He adds, ‘She did not give it.’
Source : Swarajya
The original lyrics of Raghupati Raghava Rajaaram are attributed to Sri Lakshamanacharya ; This Ram Dhun was later edited and popularised by Sri M.K.Gandhi; This was widely attributed to his attempts to bring about reconciliation but it is anybody’s guess how many Muslims would have actually sung this. Compare this with the confusion that it brought about in the minds of Hindus.
Hailing from Tamil Nadu, he was born to parents Raghupathy Iyer and Rukmani Ammal in Shenkottai (then part of the Travancore Kingdom) as Shankaran Iyer in the year 1886. He completed his schooling and higher education in Shenkottai .
Vanchi is notable as being one among the first and prominent Tamils who took part in the struggle for freedom and in some instances initiated the fight against the British Raj.
While working in Travancore, he came under the influence of many nationalists like V. O. Chidambaram Pillai, Neelakanta Brahmachari, Subramaniya Siva and Subramaniya Bharathi. They were his mentors and together they belonged to the Bharatha Matha Assocation (1900).
Robert William Ashe was the collector and district magistrate of Tirunelvelli district in year 1911. He was engaged in activities that were largely favourable to the ruling British class , ignoring and ensuring that the interests of the locals are never addressed nor issues pertaining to them redressed. He is also accused of propagating missionary activities of forcible conversion. Ashe was also instrumental in working against V. O. Chidambaram Pillai’s shipping company (established as the first indigenous Bharatiya shipping company between Tuticorin and Colombo) which led to its liquidation, and later in Pillai’s arrest.
On 17th June 1911, the Maniyachi Mail left Tirunulvelli Junction for Maniyachi with Ashe and his wife Mary Lillian Patterson aboard. They were on their way to Kodaikanal with their four children. At 10:38 AM the train pulled in at Maniyachi. The Ceylon Boat Mail was due to arrive at 10:48 AM. As the Ashes sat facing each other in the first class carriage, waiting for the Boat Mail to arrive, a neatly dressed man with tufted hair boarded the carriage and pulled out a Belgian made Browning pistol and shot Ashe at point blank range in the chest. The bullet hit Ashe and he immediately collapsed. Vanchi ran along the platform and took cover. After some time he was found dead having pulled the trigger in his mouth. The pistol was found to be empty, indicating his intention to shoot only Ashe and himself and nobody else, not even Ashe’s wife.
A letter with the below words was recovered from his pocket,
The mlechas of England having captured our country, tread over the sanathana dharma of the Hindus and destroy them. Every Indian is trying to drive out the English and get swarajyam and restore sanathana dharma. Our Raman, Sivaji, Krishnan, Guru Govindan, Arjuna ruled our land protecting all dharmas and in this land they are making arrangements to crown George V, a mlecha, and one who eats the flesh of cows. Three thousand Madrasees have taken a vow to kill George V as soon as he lands in our country. In order to make others know our intention, I who am the least in the company, have done this deed this day. This is what everyone in Hindustan should consider it as his duty. –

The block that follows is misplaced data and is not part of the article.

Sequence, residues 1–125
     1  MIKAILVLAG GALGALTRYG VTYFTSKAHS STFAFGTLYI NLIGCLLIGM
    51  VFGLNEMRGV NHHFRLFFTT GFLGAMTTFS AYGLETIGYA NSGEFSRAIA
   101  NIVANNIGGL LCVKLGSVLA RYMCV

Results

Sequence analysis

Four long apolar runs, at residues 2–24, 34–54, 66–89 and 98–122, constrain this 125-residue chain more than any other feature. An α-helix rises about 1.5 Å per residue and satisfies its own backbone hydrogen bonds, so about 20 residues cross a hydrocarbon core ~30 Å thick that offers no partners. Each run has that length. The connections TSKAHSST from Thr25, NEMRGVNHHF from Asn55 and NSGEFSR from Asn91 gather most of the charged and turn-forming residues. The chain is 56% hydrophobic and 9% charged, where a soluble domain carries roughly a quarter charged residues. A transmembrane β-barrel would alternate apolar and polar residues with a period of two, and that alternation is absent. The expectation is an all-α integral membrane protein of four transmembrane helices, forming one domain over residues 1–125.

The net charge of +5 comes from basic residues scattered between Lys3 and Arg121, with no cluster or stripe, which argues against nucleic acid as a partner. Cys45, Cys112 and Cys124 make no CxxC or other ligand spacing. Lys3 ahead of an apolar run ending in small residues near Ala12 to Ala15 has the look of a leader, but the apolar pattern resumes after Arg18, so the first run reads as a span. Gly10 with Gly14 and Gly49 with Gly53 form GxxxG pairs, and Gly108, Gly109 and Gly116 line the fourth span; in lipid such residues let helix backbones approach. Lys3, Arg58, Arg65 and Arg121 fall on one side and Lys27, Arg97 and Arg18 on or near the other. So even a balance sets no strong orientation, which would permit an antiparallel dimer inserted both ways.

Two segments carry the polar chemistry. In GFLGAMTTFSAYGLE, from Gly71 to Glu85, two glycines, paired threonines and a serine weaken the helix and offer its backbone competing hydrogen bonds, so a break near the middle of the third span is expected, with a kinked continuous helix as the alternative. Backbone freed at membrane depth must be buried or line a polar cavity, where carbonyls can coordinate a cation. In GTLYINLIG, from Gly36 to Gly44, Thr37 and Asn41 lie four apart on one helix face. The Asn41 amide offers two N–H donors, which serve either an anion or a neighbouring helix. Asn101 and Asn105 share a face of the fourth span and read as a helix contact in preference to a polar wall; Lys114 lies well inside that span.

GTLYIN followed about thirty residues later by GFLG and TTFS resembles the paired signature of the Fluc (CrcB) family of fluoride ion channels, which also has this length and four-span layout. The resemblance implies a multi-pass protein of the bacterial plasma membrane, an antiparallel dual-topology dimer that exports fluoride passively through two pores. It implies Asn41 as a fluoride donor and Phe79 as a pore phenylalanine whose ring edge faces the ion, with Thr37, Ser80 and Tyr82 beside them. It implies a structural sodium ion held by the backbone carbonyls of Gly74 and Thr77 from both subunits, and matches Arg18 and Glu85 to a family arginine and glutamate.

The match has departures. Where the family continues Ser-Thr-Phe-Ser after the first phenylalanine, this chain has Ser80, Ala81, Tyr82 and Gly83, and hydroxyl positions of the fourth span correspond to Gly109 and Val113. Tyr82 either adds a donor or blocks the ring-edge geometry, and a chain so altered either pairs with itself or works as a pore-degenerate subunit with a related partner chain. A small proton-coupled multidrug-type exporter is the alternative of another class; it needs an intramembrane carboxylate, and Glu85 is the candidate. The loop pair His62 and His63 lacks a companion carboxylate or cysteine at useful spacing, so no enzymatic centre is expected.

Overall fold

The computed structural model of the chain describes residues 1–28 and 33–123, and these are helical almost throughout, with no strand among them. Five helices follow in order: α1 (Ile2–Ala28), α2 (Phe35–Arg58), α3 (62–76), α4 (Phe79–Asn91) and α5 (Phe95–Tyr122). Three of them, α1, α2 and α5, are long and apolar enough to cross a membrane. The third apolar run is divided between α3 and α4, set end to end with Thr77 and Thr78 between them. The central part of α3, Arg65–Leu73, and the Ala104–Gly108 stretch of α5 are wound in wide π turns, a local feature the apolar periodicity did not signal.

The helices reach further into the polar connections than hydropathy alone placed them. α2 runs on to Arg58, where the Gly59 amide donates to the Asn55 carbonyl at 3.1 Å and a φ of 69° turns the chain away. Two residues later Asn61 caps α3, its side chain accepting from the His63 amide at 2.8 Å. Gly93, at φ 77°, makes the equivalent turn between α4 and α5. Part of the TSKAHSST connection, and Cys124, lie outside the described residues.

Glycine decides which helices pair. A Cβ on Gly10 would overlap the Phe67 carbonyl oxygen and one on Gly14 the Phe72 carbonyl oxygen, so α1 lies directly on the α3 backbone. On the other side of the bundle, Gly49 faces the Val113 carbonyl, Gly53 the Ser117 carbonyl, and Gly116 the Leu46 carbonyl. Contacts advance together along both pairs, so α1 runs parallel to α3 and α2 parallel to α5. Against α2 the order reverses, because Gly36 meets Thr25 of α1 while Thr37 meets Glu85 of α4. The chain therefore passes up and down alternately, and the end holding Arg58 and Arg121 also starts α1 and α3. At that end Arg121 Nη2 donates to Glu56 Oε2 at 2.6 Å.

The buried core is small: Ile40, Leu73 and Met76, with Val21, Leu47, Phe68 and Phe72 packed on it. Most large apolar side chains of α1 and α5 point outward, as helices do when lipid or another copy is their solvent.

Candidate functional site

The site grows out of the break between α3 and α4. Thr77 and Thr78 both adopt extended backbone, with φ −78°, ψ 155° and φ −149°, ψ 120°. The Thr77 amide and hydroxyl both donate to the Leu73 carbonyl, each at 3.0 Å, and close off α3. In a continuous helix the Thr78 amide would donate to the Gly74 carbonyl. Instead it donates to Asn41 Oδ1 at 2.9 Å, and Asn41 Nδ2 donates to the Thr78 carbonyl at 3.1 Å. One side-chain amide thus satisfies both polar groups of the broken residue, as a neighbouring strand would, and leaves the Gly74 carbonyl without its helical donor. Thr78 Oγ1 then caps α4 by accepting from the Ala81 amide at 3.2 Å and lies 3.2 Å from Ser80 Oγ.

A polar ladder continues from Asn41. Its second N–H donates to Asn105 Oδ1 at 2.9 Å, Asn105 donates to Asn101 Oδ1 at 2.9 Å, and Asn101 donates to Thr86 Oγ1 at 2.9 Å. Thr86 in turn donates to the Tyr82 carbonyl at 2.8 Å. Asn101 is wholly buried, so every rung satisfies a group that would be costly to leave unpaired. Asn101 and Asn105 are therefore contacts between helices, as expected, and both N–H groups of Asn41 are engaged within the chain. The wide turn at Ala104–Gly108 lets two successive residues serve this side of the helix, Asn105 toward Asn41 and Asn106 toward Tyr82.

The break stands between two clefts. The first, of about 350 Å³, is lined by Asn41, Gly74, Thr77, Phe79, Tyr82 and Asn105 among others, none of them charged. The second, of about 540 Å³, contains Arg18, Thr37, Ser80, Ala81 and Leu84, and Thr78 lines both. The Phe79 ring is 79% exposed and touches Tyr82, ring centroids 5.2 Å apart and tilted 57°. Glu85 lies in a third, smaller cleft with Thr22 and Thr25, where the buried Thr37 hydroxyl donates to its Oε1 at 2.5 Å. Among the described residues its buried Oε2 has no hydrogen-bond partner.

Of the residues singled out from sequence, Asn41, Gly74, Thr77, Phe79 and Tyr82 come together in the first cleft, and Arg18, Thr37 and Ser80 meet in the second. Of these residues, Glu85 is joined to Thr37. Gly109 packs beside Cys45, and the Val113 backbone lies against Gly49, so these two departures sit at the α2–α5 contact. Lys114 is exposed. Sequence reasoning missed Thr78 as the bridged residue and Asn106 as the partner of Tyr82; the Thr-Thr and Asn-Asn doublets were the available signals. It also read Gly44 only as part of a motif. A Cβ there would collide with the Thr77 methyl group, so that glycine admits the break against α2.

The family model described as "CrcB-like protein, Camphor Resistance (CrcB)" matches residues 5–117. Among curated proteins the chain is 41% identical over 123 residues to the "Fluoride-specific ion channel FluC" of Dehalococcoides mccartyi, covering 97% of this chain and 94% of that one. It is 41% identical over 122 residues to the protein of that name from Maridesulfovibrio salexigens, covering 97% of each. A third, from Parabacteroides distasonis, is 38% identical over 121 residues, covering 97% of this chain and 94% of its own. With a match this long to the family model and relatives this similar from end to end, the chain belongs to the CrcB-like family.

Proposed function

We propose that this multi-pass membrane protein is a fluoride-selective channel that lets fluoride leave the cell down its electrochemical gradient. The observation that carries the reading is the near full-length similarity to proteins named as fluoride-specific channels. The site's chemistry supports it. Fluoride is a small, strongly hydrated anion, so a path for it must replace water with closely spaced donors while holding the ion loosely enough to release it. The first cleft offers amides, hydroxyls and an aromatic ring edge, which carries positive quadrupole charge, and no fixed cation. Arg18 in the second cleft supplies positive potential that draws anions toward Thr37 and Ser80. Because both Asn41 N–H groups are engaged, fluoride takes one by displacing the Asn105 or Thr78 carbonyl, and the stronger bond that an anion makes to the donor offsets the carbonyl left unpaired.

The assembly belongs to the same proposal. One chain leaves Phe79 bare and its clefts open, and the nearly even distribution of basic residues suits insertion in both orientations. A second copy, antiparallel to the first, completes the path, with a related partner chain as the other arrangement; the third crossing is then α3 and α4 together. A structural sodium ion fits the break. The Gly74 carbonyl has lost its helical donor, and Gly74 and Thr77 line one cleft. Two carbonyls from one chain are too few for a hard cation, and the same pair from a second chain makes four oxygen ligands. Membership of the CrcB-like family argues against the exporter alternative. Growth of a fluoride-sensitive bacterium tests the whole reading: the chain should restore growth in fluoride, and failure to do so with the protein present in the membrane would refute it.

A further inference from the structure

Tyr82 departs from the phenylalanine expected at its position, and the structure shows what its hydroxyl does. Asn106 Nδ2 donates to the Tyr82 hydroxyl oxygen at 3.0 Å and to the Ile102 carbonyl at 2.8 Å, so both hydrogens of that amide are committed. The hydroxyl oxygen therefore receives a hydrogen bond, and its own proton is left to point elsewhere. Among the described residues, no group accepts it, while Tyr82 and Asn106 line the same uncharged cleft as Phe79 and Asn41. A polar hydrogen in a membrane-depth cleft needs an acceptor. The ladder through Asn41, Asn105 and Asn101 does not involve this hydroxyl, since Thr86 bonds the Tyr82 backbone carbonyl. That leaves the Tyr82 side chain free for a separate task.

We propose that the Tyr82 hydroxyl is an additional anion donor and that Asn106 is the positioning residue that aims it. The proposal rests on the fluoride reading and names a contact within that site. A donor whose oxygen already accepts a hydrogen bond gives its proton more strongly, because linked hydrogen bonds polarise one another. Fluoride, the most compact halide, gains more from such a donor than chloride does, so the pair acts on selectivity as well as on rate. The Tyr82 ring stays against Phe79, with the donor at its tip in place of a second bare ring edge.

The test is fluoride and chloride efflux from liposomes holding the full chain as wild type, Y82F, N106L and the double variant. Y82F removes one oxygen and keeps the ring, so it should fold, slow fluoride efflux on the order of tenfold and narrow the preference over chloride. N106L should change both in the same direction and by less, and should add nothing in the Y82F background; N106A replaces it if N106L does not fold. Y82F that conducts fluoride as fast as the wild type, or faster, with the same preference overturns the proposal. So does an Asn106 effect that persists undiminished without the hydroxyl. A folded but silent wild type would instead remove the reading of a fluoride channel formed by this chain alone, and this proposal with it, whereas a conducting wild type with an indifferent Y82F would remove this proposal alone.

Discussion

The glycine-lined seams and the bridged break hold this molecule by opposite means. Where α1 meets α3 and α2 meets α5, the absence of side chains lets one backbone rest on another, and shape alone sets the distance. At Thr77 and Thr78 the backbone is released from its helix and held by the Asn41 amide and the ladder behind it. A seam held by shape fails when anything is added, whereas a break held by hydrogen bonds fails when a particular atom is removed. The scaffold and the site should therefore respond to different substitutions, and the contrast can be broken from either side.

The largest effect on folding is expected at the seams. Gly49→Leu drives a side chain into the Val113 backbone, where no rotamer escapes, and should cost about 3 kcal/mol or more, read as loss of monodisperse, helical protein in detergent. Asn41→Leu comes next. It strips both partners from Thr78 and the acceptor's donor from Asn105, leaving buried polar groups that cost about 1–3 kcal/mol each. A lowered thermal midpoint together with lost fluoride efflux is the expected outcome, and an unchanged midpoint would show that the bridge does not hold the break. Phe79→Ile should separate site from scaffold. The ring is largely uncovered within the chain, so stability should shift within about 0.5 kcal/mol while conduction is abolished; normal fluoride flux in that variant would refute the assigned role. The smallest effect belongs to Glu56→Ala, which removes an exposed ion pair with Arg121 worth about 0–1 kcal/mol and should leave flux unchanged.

sd/-, R. Vanchi Aiyar, Shencottah
The letter clearly indicates the motive behind the assassination was the removal of English mlechas (who eat the flesh of cow) who were destroying Sanatana Dharma. This clearly goes parallel with the common statement, “Poisonous weeds have to be removed at the earliest or else they could prove to be fatal.”
This brave and selfless act of Vanchi acted as the much needed adrenaline rush for Bharat’s independence movement. The assassination and contents of the letter caused great apprehension and unrest.
Ashe was the first and only colonial British officer to be assassinated in Dakshin Bharat throughout the freedom movement. The British were left shocked and rattled by this incident.
The Maniyachi Railway station was later renamed as Vanchi Maniyachi station. But it is greatly sad and shameful that this is the best act of secular government of Bharat to recognize the brave act of Vanchi and that this is the highest honour given to his bravery. And it is immensely angering that even this little gesture has become a thorn in the flesh of Dravidians and evangelists. It is unfortunately being used as a catalyst by #BreakingIndia forces to fulfil their agenda by demoralizing and demeaning Bharat’s history and belittling the valour of our brave heroes.
One such dangerous trend started by them is to brand nationalists from upper castes as casteists forgetting their contributions and sacrifices – this can be equated to the insult of our army jawans fighting to safeguard our borders. Falsified stores are being spread to tarnish the image of these brave warriors. One such illogical story is currently being floated around by the Periyar followers of Tamil Nadu where Ashe is eulogized as the champion of downtrodden people.
According to this fantastic spin, Ashe apparently angered Vanchinathan by taking a poor woman in labour pains to hospital via driving through agraharam. Yes, agraharam, the area around the temple where Brahmins live. Since Vanchi supposedly had so much hatred towards the lower castes, this is the reason for him assassinating Ashe.